Umbrellas at the ready: in the coming months, scientists are to test a new way of making rain in the UAE by using drones.
The new method has been developed at the University of Reading in the UK with UAE funding and involves sending specially-designed drones into the sky to beam electricity into clouds. The electrical charge in the clouds attracts water droplets and causes them to expand, eventually turning into rain.
To encourage rainfall, the UAE currently uses cloud-seeding, which involves manned aircraft flying into clouds and spraying them with salt particles or silver iodide. Using drones works out considerably cheaper because they can be controlled from the ground, with no need for a pilot. Rain-making drones can also be used in tandem with existing cloud-seeding methods to improve efficiency and effectiveness, said Dr Keri Nicoll, one of the scientists on the project.
The drones were designed and built by scientists at Reading University “because you can’t buy these off the shelf,” said Dr Nicoll.
“What we’re doing is something that’s completely different,” she added. “ We are simply charging up what is already there but we are using very small aircraft which means things are much more cost effective.”
Clouds naturally have positive and negative charges. Sending drones up into low clouds to release a burst of electricity alters the electrical balance and helps to make tiny water droplets expand and merge to form rain.
The drones are set to be become one of the nine rain enhancements projects funded by a $15 million grant from the Ministry of Presidential Affairs to the UAE’s National Centre of Meteorology.
So far, the rain-maker fleet consists of five drones operated by trained pilots in Britain. But the drones will move to the UAE in the next few months to see how they work in the dustier, drier atmosphere of the Gulf. However that might prove to be an advantage as it means there is more electrical charge present in the air naturally, said Dr Nicoll.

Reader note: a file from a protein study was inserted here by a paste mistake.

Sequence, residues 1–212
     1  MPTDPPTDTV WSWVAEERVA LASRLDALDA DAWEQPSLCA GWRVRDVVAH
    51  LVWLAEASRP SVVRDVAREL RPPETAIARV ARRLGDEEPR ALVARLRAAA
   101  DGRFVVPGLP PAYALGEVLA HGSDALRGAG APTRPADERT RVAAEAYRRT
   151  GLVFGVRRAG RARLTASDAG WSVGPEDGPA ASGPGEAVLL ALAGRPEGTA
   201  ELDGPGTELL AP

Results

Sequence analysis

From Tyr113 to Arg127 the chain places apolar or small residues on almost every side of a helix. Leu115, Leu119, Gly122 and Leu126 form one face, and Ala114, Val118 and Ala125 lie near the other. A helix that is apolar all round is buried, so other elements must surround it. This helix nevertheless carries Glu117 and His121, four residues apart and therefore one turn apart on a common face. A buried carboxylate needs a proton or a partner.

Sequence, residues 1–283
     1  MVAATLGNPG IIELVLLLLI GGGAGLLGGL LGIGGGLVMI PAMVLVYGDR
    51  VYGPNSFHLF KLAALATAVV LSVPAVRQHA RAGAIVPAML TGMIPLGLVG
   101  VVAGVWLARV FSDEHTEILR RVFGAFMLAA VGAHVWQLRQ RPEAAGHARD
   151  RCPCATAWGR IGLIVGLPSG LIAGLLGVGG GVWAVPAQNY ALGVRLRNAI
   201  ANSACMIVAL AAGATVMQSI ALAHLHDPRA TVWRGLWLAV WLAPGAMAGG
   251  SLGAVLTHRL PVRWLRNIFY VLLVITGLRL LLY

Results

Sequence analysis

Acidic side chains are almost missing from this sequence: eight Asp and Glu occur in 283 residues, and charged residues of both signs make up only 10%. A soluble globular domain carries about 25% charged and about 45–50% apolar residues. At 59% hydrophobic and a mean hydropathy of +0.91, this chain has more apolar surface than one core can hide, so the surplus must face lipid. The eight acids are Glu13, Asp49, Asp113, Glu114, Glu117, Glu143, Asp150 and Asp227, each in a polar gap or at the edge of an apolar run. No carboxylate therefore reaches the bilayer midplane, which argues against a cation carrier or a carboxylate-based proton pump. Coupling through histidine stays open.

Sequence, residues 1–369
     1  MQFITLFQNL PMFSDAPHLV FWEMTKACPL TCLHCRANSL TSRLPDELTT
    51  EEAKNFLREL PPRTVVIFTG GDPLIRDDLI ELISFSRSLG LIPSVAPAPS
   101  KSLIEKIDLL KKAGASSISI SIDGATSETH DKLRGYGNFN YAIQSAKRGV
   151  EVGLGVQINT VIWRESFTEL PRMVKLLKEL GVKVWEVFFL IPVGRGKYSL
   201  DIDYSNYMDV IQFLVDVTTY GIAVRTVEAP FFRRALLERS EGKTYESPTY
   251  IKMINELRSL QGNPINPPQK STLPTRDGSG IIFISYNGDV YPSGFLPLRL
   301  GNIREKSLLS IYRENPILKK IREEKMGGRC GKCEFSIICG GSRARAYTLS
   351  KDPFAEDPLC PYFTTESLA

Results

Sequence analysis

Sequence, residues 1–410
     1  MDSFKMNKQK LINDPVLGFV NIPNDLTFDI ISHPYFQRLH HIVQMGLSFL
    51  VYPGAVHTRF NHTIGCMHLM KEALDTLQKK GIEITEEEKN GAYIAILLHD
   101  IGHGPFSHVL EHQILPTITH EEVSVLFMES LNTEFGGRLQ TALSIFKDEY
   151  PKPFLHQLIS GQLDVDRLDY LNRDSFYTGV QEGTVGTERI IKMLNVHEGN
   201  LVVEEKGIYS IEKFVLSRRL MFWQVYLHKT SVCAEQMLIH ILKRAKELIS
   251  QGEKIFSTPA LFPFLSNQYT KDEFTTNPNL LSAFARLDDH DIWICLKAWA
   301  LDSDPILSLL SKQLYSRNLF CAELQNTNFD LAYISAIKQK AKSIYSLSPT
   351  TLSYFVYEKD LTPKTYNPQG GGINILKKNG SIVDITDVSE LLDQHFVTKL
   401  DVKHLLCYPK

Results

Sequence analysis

The lack of rain is an age-old and constant problem for arid regions like the Gulf. It means there is precious little cultivable land for growing food and domestic water has to be obtained primarily through desalination, which is both expensive and hugely damaging to the marine environment.
Finding an alternative has become even more pressing as global warming makes the Middle East even hotter and drier.
“We are continuing to support the projects that contribute to the development of viable solutions to growing global water stress,” said Dr Abdulla Al Mandous, direct of the National Centre for Meteorology.
Despite getting less than 10 cm of rain per year – much of which is lost to evaporation because of the heat – the UAE is one of the world’s biggest consumers of water per capita.
The UAE has invested heavily in weather modification since the 1990s. Other methods which have come under consideration in the past include water trading, creating an artificial mountain to encourage more rainfall and even importing icebergs but weather modification was, and remains, the favored option.
Anna Pukas has reported from all over the world as a foreign correspondent for British media. She is now an editor based in Abu Dhabi.